1. ^ a b Rottenberg, Josh (December 18, 2009). "James Cameron Talks Avatar: Brave Blue World". Entertainment Weekly (1081). p. 51. 
  2. ^ Kozlowski, Lori (January 2, 2010). "Inventing the plants of "Avatar"". Los Angeles Times. Retrieved January 3, 2010. 
  3. ^ Although not mentioned in the movie, Polyphemus was discussed in the book James Cameron's Avatar: An Activist Survival Guide by Maria Wilhelm & Dirk Mathison. ISBN 978-0-06-189675-0.
  4. ^ a b Anders, Charlie Jane (February 4, 2010). "27 Avatar Questions, Answered By The Movie's Designers". Retrieved February 8, 2010. 
  5. ^ Carroll, Larry (June 29, 2006). "'Titanic' Mastermind James Cameron's King-Size Comeback: Two Sci-Fi Trilogies". MTV. Retrieved October 18, 2006. 
  6. ^ Murphy, Mekado (December 21, 2009). "A Few Questions for James Cameron". The New York Times. 
  7. ^ Eric Ditzian (December 21, 2009). "James Cameron Talks 'Avatar' Sequel Plans". MTV. Retrieved January 2, 2010.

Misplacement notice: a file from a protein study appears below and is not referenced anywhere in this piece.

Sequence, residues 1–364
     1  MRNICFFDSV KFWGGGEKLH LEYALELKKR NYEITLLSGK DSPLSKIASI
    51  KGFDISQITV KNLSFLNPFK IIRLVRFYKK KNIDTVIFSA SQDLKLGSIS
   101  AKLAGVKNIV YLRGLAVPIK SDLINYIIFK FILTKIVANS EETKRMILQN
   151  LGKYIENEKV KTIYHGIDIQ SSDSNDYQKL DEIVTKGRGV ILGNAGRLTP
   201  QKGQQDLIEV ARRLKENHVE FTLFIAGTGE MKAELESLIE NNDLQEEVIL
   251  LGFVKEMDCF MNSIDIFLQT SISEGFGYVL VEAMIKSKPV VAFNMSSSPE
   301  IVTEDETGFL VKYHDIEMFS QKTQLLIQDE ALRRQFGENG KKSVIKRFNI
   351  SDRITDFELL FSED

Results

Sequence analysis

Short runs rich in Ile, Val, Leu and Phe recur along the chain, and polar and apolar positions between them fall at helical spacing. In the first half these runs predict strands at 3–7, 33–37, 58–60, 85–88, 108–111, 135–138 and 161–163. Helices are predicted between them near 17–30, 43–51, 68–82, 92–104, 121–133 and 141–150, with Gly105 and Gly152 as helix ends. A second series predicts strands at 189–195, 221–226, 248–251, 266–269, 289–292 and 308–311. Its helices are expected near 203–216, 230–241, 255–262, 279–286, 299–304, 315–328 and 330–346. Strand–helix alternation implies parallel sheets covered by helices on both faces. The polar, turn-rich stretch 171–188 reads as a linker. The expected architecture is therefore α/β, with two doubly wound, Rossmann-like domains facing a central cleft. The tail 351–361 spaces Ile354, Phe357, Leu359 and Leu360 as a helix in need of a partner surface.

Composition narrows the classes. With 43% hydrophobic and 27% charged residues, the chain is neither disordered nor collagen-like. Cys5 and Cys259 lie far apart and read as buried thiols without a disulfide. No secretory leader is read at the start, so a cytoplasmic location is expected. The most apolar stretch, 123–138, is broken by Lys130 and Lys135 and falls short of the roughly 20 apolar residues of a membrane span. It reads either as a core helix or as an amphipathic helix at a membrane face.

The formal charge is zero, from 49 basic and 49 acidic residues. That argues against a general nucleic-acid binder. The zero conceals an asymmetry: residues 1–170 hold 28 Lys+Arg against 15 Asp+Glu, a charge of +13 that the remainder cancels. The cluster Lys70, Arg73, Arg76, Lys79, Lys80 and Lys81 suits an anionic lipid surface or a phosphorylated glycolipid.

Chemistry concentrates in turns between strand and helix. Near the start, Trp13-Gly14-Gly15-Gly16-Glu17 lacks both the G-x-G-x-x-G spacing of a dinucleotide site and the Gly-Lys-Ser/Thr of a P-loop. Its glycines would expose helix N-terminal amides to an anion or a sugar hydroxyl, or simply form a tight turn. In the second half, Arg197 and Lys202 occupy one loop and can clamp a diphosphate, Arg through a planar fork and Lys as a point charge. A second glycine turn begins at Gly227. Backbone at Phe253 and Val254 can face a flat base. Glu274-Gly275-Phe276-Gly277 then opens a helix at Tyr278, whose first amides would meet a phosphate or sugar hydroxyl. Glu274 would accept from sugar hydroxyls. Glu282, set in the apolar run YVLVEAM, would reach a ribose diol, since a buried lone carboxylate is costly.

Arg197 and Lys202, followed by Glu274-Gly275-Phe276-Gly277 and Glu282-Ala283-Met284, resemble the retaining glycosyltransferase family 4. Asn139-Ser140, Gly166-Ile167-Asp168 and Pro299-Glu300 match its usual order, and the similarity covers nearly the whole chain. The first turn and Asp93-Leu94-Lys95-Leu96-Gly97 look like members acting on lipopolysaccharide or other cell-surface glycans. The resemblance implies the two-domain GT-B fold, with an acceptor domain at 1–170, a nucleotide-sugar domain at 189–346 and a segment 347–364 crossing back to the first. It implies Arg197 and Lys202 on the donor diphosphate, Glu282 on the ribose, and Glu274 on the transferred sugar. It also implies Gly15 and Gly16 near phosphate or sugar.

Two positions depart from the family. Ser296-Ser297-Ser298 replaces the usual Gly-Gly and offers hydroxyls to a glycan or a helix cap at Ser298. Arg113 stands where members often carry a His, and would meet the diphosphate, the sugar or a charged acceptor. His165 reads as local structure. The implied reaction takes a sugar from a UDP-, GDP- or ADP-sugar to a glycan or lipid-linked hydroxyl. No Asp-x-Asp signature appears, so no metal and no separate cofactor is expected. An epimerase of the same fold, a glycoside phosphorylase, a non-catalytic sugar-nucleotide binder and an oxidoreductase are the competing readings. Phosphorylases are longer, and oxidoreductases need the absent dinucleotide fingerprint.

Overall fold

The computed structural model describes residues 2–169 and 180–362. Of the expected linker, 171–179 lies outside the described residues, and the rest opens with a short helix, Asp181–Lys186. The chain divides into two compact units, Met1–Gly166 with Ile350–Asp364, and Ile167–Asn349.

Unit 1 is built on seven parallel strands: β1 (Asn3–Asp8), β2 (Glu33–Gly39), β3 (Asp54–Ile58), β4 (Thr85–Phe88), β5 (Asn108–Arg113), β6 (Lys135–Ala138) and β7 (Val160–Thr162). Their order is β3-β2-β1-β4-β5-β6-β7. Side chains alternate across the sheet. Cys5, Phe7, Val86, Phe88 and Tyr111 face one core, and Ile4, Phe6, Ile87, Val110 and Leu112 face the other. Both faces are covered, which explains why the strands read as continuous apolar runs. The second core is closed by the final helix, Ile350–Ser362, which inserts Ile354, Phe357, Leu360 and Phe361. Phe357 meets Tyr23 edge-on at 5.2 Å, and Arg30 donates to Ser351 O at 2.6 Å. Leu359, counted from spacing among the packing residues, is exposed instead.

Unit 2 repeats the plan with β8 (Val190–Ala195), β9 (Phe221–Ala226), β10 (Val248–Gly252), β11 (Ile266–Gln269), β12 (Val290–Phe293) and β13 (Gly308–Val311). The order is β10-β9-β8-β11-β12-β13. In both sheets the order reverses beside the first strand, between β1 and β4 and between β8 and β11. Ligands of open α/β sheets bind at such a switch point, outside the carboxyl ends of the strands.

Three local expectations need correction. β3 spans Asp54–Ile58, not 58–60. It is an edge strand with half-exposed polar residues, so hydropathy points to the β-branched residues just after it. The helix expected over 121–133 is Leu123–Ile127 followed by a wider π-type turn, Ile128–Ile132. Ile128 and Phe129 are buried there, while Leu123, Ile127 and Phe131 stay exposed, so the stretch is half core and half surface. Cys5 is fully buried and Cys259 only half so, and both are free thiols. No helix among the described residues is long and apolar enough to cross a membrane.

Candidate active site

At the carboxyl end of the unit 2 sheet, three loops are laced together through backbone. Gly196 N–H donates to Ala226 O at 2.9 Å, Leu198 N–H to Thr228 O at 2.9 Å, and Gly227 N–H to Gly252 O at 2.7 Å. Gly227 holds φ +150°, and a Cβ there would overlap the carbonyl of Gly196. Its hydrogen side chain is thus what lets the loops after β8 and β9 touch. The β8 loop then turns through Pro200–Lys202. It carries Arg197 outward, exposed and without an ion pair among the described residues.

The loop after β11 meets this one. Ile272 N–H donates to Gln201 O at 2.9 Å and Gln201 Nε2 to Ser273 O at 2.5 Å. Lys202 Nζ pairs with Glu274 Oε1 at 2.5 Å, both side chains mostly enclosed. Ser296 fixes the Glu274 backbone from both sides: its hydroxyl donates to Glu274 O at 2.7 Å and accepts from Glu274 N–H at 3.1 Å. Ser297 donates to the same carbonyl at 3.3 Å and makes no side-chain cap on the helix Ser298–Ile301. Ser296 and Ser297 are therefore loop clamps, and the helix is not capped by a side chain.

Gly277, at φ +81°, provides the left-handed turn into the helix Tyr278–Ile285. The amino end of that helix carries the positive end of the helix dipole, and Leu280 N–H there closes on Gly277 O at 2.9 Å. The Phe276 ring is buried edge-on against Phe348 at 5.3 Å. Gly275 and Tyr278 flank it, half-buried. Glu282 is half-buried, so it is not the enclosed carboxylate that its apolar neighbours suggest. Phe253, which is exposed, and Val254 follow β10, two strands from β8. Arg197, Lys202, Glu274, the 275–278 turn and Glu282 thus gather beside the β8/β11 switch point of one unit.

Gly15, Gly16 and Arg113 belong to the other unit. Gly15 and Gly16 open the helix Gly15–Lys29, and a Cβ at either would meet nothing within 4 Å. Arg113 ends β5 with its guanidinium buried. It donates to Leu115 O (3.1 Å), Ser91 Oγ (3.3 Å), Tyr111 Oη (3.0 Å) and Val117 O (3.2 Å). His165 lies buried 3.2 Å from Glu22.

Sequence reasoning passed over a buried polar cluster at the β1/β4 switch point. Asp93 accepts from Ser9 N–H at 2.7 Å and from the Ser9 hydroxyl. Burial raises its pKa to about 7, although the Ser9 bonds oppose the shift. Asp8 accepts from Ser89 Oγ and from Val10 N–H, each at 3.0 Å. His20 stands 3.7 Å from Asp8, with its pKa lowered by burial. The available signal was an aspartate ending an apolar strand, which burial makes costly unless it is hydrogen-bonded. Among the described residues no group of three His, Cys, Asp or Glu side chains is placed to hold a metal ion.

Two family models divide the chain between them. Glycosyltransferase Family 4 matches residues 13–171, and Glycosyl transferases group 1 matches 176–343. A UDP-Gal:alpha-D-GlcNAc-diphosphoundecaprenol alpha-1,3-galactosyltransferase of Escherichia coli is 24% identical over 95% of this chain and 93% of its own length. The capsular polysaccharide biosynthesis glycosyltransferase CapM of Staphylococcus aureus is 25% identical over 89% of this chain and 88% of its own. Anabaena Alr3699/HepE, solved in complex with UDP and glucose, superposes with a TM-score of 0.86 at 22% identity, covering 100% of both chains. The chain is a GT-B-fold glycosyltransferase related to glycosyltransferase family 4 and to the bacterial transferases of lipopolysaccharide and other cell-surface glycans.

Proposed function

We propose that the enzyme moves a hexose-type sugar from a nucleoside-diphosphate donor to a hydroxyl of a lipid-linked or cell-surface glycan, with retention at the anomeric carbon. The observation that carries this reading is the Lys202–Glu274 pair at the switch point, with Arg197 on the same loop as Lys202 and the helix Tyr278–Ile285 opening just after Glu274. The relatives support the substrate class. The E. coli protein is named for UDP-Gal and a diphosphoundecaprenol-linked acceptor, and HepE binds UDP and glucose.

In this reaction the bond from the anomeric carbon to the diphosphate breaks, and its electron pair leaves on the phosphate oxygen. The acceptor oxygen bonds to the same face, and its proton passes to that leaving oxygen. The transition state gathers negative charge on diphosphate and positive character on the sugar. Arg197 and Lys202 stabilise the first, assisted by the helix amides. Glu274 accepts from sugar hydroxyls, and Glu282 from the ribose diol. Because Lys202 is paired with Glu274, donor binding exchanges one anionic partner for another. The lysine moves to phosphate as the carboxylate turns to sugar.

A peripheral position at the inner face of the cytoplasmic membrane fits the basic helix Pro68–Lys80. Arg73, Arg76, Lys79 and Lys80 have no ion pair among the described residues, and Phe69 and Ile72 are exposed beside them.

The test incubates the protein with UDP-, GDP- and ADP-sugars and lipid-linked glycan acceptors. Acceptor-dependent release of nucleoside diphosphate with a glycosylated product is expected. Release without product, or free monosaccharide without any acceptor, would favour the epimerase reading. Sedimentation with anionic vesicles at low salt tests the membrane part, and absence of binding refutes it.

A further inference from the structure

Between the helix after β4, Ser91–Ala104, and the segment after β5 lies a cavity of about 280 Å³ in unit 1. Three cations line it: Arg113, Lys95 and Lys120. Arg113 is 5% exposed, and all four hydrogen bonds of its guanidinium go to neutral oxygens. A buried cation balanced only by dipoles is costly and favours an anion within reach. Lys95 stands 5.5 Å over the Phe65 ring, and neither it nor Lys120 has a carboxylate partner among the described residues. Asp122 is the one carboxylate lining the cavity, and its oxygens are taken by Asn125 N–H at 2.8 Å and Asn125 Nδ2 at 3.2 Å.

8. ^ Wilhelm, Maria; Dirk Mathison (November 2009). James Cameron's Avatar: A Confidential Report on the Biological and Social History of Pandora. HarperCollins. p. 147. ISBN 0-06-189675-6. 
  9. ^ "Avatar's hardware was all based on real-life stuff". io9. 
  10. ^ "Charles Pellegrino Web Site". Retrieved 5 October 2014. 
  11. ^ "SA-2 Samson". Retrieved 5 October 2014. 
  12. ^ Gleiberman, Owen (December 25, 2009). "But What About Avatar? James Cameron's 3-D epic didn't make our top 10 lists. But critic Owen Gleiberman praises its visual artistry". Entertainment Weekly (1082/1083): 84. 
  13. ^ Kaesuk Yoon, Carol (January 19, 2010). "Luminous 3-D Jungle Is a Biologist's Dream". The New York Times. p. D-1. 
  14. ^ Piazza, Jo (January 11, 2010). "Audiences experience 'Avatar' blues". Retrieved February 19, 2010. 
  15. ^ landau, Elizabeth (February 3, 2010). "Is the 'Avatar' concept really possible?". Retrieved February 9, 2010.